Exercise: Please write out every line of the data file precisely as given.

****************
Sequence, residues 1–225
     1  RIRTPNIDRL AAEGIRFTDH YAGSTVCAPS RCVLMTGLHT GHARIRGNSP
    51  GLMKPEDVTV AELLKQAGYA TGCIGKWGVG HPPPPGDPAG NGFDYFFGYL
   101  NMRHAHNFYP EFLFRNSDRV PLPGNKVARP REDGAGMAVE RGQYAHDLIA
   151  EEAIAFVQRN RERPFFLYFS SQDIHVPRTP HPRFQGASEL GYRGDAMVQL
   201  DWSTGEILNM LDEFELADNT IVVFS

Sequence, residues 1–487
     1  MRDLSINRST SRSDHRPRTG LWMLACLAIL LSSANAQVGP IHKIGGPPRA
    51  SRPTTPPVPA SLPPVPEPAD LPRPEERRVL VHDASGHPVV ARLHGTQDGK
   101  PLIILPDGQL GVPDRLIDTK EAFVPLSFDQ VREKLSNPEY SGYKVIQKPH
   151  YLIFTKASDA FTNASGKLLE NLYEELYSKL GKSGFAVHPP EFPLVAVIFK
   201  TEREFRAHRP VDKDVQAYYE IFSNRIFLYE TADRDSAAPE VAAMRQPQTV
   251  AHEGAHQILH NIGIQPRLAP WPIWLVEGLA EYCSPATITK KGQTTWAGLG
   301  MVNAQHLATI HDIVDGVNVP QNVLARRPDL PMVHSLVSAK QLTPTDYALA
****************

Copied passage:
Sequence, residues 1–225
     1  RIRTPNIDRL AAEGIRFTDH YAGSTVCAPS RCVLMTGLHT GHARIRGNSP
    51  GLMKPEDVTV AELLKQAGYA TGCIGKWGVG HPPPPGDPAG NGFDYFFGYL
   101  NMRHAHNFYP EFLFRNSDRV PLPGNKVARP REDGAGMAVE RGQYAHDLIA
   151  EEAIAFVQRN RERPFFLYFS SQDIHVPRTP HPRFQGASEL GYRGDAMVQL
   201  DWSTGEILNM LDEFELADNT IVVFS

Sequence, residues 1–487
     1  MRDLSINRST SRSDHRPRTG LWMLACLAIL LSSANAQVGP IHKIGGPPRA
    51  SRPTTPPVPA SLPPVPEPAD LPRPEERRVL VHDASGHPVV ARLHGTQDGK
   101  PLIILPDGQL GVPDRLIDTK EAFVPLSFDQ VREKLSNPEY SGYKVIQKPH
   151  YLIFTKASDA FTNASGKLLE NLYEELYSKL GKSGFAVHPP EFPLVAVIFK
   201  TEREFRAHRP VDKDVQAYYE IFSNRIFLYE TADRDSAAPE VAAMRQPQTV
   251  AHEGAHQILH NIGIQPRLAP WPIWLVEGLA EYCSPATITK KGQTTWAGLG
   301  MVNAQHLATI HDIVDGVNVP QNVLARRPDL PMVHSLVSAK QLTPTDYALA